Scientists Make Advances in Stem Cell Research

Two studies published in the April 27, 2001, issue of the medical journal Science, show strong potential for embryonic stem cell to be an effective method of curing diseases like diabetes and Parkinson’s disease. The two studies were performed on stem cells from mice. In one study at the Nation Institutes of Health (NIH), the stem cells were cultured into complexes that secreted insulin when exposed to sugarÑan important step in developing a cure for diabetes. In the second study at Rockefeller University in New York, stem cells were cultured into neurons that produced dopamineÑthe brain chemical missing in patients with Parkinson’s disease. Researchers for the study said ultimately, human stem cells could be extracted from a patient in order “to create an unlimited supply of specialized cells that can be use for therapy for that patient”Ñhowever testing these theories on human embryonic stem cells is necessary.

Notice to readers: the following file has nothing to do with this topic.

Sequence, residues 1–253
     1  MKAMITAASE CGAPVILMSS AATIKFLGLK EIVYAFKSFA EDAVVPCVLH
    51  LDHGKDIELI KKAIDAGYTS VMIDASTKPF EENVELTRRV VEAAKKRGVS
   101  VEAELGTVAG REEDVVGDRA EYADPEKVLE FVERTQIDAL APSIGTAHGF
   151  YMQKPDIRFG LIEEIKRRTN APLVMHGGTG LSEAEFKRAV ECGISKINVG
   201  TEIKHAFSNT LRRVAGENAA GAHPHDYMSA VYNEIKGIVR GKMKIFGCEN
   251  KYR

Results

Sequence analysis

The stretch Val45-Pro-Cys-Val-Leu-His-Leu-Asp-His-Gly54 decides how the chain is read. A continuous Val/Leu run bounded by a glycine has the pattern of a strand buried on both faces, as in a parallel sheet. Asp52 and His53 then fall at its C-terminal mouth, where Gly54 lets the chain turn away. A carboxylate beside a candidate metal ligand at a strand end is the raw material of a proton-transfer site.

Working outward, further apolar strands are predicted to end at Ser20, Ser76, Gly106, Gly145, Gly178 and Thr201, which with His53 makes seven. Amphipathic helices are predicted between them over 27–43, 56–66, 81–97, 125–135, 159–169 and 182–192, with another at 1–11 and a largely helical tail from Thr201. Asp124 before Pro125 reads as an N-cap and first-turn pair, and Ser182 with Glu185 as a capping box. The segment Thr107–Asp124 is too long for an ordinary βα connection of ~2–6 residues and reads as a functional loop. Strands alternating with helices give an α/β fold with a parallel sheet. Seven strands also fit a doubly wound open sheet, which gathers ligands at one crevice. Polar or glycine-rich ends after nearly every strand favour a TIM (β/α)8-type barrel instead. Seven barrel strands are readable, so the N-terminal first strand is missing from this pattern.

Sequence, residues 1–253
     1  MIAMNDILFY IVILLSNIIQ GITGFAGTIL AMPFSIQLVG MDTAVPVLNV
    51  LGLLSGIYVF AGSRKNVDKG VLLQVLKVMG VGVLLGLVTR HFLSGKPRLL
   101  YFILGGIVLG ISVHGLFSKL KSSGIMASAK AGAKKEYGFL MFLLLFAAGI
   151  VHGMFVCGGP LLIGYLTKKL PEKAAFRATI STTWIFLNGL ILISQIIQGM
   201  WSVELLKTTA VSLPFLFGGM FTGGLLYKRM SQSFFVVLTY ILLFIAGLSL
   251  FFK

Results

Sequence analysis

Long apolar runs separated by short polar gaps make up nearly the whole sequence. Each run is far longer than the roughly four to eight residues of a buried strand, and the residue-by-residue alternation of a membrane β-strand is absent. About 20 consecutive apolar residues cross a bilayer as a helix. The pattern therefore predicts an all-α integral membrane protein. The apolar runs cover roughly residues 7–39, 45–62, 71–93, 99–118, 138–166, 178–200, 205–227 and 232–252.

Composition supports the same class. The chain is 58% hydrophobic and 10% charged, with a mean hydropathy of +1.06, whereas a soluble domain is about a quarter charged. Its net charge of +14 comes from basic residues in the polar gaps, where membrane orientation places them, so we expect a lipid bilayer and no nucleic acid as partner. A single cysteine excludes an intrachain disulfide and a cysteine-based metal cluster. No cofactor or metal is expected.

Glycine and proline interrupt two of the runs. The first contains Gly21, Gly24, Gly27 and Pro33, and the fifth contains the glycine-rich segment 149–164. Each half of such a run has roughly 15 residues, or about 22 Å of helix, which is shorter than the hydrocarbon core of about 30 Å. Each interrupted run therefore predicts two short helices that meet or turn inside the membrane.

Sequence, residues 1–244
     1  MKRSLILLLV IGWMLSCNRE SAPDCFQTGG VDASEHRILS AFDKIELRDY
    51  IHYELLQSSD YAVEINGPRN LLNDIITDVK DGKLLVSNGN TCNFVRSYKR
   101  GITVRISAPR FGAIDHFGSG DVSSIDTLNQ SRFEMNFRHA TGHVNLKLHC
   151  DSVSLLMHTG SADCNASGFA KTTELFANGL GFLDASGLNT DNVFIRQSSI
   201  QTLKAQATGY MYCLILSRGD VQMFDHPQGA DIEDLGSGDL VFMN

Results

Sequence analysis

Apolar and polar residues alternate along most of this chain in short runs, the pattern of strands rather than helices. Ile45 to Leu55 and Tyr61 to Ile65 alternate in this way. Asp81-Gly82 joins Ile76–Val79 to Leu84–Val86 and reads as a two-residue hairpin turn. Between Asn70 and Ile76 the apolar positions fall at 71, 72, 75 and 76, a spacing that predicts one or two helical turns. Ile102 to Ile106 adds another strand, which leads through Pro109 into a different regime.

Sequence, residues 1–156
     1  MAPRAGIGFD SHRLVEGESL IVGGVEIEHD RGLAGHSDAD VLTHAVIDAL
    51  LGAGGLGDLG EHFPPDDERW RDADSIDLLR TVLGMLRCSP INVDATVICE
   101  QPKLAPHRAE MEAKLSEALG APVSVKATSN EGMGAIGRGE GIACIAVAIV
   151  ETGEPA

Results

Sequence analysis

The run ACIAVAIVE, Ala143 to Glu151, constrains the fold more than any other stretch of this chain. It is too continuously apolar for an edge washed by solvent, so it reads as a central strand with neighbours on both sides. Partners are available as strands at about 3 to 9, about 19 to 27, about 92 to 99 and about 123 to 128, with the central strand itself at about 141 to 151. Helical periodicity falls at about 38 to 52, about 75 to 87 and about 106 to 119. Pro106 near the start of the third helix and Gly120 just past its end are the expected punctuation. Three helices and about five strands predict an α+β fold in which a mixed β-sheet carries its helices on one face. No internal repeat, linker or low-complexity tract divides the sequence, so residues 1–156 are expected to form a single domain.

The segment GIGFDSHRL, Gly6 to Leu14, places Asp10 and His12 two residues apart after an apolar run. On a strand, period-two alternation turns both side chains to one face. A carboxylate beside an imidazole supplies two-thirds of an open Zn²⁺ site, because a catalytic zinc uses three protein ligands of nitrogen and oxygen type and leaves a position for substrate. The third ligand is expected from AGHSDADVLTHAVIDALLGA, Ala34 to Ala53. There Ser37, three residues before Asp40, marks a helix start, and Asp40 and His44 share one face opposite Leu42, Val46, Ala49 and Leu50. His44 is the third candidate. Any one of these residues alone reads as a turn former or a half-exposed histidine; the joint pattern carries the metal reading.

In March, 2001, Health and Human Services Secretary Tommy Thompson said Monday he would establish an advisory panel of National Institute of Health (NIH) scientists to research and advise him on the “scientific” and “moral” issues involved in stem cell research before he makes a decision on the fate of government funded stem cell research grants. President Bush and other conservatives are opposed to using human embryos for stem cell research because extracting the stem cells destroys the embryo, despite the fact that researchers could use surplus embryos from fertility clinics that are destined to be discarded. Congress has banned federal funding for research that results in the destruction of a human embryo.


Associated Press Ð April 26, 2001; Feminist Majority Foundation

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